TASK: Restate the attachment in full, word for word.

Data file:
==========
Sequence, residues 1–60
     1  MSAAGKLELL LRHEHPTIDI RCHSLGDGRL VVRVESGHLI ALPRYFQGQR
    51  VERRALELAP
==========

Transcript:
Sequence, residues 1–60
     1  MSAAGKLELL LRHEHPTIDI RCHSLGDGRL VVRVESGHLI ALPRYFQGQR
    51  VERRALELAP